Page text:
While I didn’t work with them until I had my first visit, having a copy of your medical history and health insurance with the Student Health office can be invaluable, especially if you have a chronic illness.  I have a note in my file that I have Chiari Malformation, chronic pain, chronic migraines, and low vision.  Read more about my experiences with Student Health here.

Mail Services Coordinator

This may seem random, but talking to the Mail Services coordinator is very important.  With my low vision, I cannot use combination locks, so I contacted this person to ensure that the mailbox assigned to me would be one that uses a key.  Another one of my friends contacted them to ensure their mailbox would be accessible to someone using mobility aids that couldn’t bend over.  In the event that it’s impossible to go get mail, you can contact the coordinator to authorize someone else to pick up mail as well- I authorized my resident advisor to get my mail after I was in a car accident, and other friends have authorized me to pick up their mail while they were in the hospital.

While not everyone may need to talk to each type of person on the list, I have been grateful for the resources that each of these people have provided me with.  They all have helped, in one way or another, to ensure that I am thriving in the college environment.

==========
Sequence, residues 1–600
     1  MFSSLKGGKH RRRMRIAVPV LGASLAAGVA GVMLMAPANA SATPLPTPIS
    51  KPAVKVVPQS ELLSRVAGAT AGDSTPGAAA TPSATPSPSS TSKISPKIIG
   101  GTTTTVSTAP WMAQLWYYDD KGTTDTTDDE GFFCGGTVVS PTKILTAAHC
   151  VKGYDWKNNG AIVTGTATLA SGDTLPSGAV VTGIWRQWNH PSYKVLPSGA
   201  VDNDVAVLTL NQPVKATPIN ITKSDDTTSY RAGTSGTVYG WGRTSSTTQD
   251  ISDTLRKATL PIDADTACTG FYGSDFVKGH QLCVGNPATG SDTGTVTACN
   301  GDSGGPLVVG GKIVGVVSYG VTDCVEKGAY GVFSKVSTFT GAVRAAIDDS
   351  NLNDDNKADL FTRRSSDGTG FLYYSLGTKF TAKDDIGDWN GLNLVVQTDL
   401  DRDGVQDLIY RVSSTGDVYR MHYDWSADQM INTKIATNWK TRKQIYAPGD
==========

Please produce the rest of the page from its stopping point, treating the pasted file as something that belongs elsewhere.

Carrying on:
How To Prepare for Extreme Weather on Campus

On President’s Day weekend in 2016, a large amount of snow came to visit my college campus right outside of Washington, DC. I wasn’t prepared in the slightest for the incoming snow- sure, I had a small amount of food in my dorm room, but since I ate at the dining hall all the time, it was mostly snack foods. I wound up trapped inside of my dorm room for two days, eating peanut butter and jelly crackers and daydreaming about what I could be eating, if only I could walk out of my dorm building. Believe me, once the snow melted, I was beyond thrilled to be eating normal food again. Here are some other tips I’ve learned to help students who are on campus during extreme weather.

Get food in advance